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    Breast Cancer and Hormone Therapy

    Hormones that every woman has in her body -- estrogen and progesterone -- can serve as fuel for some types of breast cancer. They help the cells grow and spread. Hormone therapy, also called endocrine therapy, adds, blocks, or removes those chemicals to treat the disease.

    There are two types of hormone therapy for breast cancer:

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    • Drugs that stop estrogen and progesterone from helping breast cancer cells grow.
    • Drugs or surgery to keep the ovaries from making the hormones.

    Hormone therapy is different from hormone replacement therapy (HRT), a treatment that adds hormones to the body to counter the effects of menopause.

    Who Gets Hormone Therapy for Breast Cancer?

    When you’re diagnosed with breast cancer, your doctor will test cells from your tumor to see if they have parts on their surfaces called receptors that use estrogen or progesterone. If they do, it means that they depend on these hormones to grow. In that case, your doctor will probably recommend hormone therapy as part of your treatment plan.

    Hormone Therapy Drugs for Breast Cancer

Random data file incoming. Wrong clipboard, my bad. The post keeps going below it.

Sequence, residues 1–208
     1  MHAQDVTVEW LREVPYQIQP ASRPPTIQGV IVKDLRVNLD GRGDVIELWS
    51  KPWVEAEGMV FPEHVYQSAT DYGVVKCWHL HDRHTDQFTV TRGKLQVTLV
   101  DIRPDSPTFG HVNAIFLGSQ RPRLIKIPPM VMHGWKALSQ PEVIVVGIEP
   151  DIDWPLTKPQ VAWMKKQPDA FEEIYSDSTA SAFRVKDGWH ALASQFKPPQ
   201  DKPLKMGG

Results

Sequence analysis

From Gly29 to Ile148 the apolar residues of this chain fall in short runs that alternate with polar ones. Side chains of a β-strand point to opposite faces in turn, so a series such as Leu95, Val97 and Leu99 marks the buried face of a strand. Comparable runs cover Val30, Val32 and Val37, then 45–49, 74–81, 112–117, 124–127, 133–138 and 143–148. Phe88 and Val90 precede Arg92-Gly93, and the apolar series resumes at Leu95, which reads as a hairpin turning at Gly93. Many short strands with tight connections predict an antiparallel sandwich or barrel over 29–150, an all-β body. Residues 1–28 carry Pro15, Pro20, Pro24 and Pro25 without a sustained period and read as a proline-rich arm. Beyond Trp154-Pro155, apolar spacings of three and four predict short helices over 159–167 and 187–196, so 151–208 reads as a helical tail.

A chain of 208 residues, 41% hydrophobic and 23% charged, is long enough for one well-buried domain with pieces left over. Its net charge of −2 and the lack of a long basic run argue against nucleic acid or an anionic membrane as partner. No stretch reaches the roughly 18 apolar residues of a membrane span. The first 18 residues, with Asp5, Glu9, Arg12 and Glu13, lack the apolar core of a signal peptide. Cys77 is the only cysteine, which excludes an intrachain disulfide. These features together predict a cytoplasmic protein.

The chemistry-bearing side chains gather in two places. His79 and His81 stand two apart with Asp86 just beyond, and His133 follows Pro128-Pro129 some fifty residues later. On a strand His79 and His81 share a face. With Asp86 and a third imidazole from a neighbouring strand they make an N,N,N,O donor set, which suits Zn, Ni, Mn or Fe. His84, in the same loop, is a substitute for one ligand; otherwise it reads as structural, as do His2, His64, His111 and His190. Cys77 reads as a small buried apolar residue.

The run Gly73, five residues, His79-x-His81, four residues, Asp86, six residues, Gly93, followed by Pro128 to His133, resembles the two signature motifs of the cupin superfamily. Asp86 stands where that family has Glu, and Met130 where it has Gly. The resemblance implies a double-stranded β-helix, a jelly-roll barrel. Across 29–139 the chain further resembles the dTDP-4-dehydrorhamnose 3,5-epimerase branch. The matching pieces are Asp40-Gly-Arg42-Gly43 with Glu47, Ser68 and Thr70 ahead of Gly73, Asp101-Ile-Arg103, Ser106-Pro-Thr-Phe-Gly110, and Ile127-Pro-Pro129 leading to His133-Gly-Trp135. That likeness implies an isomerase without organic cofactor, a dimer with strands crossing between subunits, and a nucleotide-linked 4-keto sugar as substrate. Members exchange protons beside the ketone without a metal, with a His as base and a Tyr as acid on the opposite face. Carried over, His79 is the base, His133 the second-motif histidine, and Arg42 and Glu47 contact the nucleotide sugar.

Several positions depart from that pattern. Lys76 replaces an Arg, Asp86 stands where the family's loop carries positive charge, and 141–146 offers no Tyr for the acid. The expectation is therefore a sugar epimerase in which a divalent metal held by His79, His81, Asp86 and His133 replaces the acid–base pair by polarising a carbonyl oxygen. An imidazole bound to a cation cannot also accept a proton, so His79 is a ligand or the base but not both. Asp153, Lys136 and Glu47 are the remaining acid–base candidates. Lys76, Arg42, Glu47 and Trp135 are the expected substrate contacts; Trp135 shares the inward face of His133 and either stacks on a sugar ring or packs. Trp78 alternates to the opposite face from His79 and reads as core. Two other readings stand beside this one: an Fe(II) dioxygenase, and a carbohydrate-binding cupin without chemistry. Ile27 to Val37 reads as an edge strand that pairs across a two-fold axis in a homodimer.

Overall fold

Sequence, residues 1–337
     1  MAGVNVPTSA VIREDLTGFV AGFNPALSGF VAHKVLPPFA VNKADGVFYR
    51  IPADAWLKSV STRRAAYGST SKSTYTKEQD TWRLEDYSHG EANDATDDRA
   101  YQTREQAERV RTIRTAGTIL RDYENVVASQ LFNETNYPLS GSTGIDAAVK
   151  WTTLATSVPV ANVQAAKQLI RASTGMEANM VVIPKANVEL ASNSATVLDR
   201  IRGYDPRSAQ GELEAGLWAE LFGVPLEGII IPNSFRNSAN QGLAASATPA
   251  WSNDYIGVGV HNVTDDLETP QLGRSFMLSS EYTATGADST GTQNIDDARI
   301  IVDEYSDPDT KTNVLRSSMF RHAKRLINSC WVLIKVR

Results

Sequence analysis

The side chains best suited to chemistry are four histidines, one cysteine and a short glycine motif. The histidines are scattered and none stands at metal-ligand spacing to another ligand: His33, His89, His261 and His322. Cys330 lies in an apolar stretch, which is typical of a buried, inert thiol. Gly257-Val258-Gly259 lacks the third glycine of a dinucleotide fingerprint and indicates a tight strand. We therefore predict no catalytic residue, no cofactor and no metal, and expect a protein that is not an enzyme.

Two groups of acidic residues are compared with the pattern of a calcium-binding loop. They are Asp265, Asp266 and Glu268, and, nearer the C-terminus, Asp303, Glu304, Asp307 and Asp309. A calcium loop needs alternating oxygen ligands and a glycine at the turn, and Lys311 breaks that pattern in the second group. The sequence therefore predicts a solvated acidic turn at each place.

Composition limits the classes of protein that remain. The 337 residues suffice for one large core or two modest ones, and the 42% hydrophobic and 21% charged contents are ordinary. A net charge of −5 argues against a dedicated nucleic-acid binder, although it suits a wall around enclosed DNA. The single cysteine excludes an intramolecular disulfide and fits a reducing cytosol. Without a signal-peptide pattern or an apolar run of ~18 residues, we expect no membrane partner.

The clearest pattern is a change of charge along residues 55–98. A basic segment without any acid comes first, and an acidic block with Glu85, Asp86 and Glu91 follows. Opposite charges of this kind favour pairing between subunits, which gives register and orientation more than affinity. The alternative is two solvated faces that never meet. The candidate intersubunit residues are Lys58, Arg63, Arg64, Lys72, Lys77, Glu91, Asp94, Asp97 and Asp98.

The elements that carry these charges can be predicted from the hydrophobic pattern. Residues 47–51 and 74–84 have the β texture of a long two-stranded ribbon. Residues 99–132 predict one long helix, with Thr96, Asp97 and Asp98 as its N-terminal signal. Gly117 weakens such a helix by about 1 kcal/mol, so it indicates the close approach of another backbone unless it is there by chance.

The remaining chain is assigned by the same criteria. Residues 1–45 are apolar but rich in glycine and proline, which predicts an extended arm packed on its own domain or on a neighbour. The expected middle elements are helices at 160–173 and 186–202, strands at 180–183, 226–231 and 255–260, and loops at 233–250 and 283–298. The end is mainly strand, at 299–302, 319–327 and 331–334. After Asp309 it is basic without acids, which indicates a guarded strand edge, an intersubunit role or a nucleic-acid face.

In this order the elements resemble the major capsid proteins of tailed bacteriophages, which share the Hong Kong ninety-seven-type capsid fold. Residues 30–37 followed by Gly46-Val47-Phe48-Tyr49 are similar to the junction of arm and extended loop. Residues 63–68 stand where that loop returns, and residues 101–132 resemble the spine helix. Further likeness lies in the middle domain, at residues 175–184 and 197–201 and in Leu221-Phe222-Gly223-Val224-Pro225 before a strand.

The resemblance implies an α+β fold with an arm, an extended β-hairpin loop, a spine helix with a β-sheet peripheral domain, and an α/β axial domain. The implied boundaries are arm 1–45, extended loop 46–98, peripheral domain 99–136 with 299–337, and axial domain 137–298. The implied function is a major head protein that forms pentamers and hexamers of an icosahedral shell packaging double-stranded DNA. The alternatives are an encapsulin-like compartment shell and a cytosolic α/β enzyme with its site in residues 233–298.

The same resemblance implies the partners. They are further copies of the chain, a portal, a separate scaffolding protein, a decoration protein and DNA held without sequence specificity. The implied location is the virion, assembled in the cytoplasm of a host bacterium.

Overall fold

Common hormone therapy drugs for breast cancer treatment include:

    Breast Cancer and Tamoxifen

    Tamoxifen is a pill that doctors have prescribed for more than 30 years to treat breast cancer. It works by blocking estrogen from attaching to the cancer cells.

    Doctors first used tamoxifen to treat women whose breast cancer had spread in their bodies because it slowed or stopped the growth of the disease. The drug also lowers the chance that some early-stage breast cancers will come back. And it can lower the risk that a woman will get cancer in her other breast later on.

    Women who are at high risk for breast cancer can take tamoxifen to try to lower their chances of getting the disease. It’s an alternative to watchful waiting or having surgery to remove a breast, called a mastectomy, before they get the disease.

    Tamoxifen is an option for:

    1. Treatment of the earliest form of breast cancer, ductal carcinoma in situ (DCIS), along with surgery.
    2. Treatment of abnormal cells in the glands that make milk, called lobular carcinoma in situ (LCIS), to reduce the risk that they’ll become more advanced breast cancer.
    3. Treatment of breast cancer in men and women whose cancers use estrogen.
    4. Treatment of breast cancer that has spread to other parts of the body or that comes back after treatment.
    5. To prevent breast cancer in women at high risk for the disease.
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